If you knew there was a high chance of pouring rain today, you'd probably close your windows, right?

The same preparation can apply to car insurance for teens: Teen drivers have the highest chance for car accidents, so buying ample auto insurance is wise. If your teen driver causes more damage than your insurance will pay for, you could be sued.

The rate of fatal crashes for drivers ages 16 to 19 is three times the rate for 20-year-olds. The riskiest driving ages are 16 and 17, according to the Insurance Institute for Highway Safety.

Here's a look at car insurance types to consider when you have a teen driver.

Overview: Car insurance for teen drivers

Liability insurance Pays for the damage and injuries you cause others. Because teens have the highest chance of causing accidents, it's smart to have more than the minimum liability insurance required by your state. Consider at least 100/300/50, meaning:
  • $100,000 for injuries per person
  • $300,000 for injuries per accident
  • $50,000 for property damage per accident
Collision and comprehensive insurance These pay for damages to your own car. They are typically sold as a package. Consider the chances of your teen crashing into another car, backing into a pole or hitting a sign. That's why you want collision and comprehensive insurance. (If you have a car loan your lender probably already requires these.)
Umbrella insurance An umbrella insurance policy adds an extra layer of liability insurance to your auto and homeowners insurance. It's a good way to add a lot of extra insurance cheaply. You can get a $1 million umbrella policy for about $150 to $300 a year, according to the Insurance Information Institute.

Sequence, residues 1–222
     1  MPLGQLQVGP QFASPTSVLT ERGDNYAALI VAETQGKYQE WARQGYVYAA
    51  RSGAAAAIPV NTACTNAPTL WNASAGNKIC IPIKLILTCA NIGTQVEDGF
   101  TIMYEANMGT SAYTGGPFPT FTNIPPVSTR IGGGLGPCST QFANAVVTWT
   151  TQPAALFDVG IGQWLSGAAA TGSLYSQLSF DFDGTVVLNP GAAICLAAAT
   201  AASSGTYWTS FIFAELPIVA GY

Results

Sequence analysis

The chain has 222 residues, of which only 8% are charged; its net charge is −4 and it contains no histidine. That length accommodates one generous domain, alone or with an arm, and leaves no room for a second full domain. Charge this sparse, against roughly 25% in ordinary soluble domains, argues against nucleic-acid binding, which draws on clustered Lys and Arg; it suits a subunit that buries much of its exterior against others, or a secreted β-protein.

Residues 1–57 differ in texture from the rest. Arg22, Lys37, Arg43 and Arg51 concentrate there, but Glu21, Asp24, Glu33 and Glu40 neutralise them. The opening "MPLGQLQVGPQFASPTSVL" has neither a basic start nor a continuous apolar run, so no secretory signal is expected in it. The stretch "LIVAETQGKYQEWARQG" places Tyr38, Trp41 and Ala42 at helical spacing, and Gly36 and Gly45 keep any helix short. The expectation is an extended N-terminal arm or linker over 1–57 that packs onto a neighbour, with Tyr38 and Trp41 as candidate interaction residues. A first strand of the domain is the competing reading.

Your state may require other insurance types such as uninsured motorist coverage or personal injury protection (PIP).

The cost of adding a teen driver

There's no way to avoid a rate increase when you have a teen driver. Adding a teen driver to a parent's policy can increase rates from 20% to 180% or higher, depending on the state, according to Trusted Choice, a group for independent agents.

Ways to get cheap car insurance for teens

Add the teen to the parents' insurance policy instead of putting the teen on a separate policy. This way the rate increase for the teen driver can be offset by discounts you already have on the policy. And if you're buying a car for the teen, you can also get a multi-vehicle discount. Geico offers a "Family Pricing Program" that lets you move your teen to their own policy while keeping the same rates.

Shop around: Compare car insurance by getting quotes from multiple companies. This offers the chance to save hundreds of dollars because rates vary so much among insurance companies.

Ask your insurance agent to review possible discounts. Make sure you're getting all the discounts possible, such as a good student discount if your teen maintains certain grades.

If you're buying your teen a car, buy one that's safe and cheap to insure. If you're considering a number of cars, ask your insurance agent to give you quotes for each. That way you won't have surprises after you buy a car. The Insurance Institute for Highway Safety has tips for choosing a vehicle for a teen.

If the teen goes away to college without a car, tell your insurer. Many offer price breaks for a teen away at college because they'll won't be driving the car regularly.

Tips for parents of teen drivers

  • Know your state's graduated licensing laws: These laws lower the risk of teen drivers by introducing them the road and driving others in stages. See graduated licensing laws at the Governor's Highway Safety Association.
  • Make a written agreement about driving expectations and consequences. The CDC has a free parent-teen driving agreement that can be downloaded.
  • Ensure your teen isn't texting while driving. Drivers under age 21 are 15% more likely to use their phone on trips than those over 21, according to EverQuote's Safe Driving Report. There are free apps that block texts during driving. Also, Apple's iOS 11 comes with a "Do Not Disturb" feature that automatically blocks texts when your iPhone senses you're driving. Android has a similar function on newer phones.
  • Ask your insurance agent when the teen needs to be added to the policy. Some companies will want you to add the teen when they get a license. Others will base the timing on the age of the teen, according to Trusted Choice.

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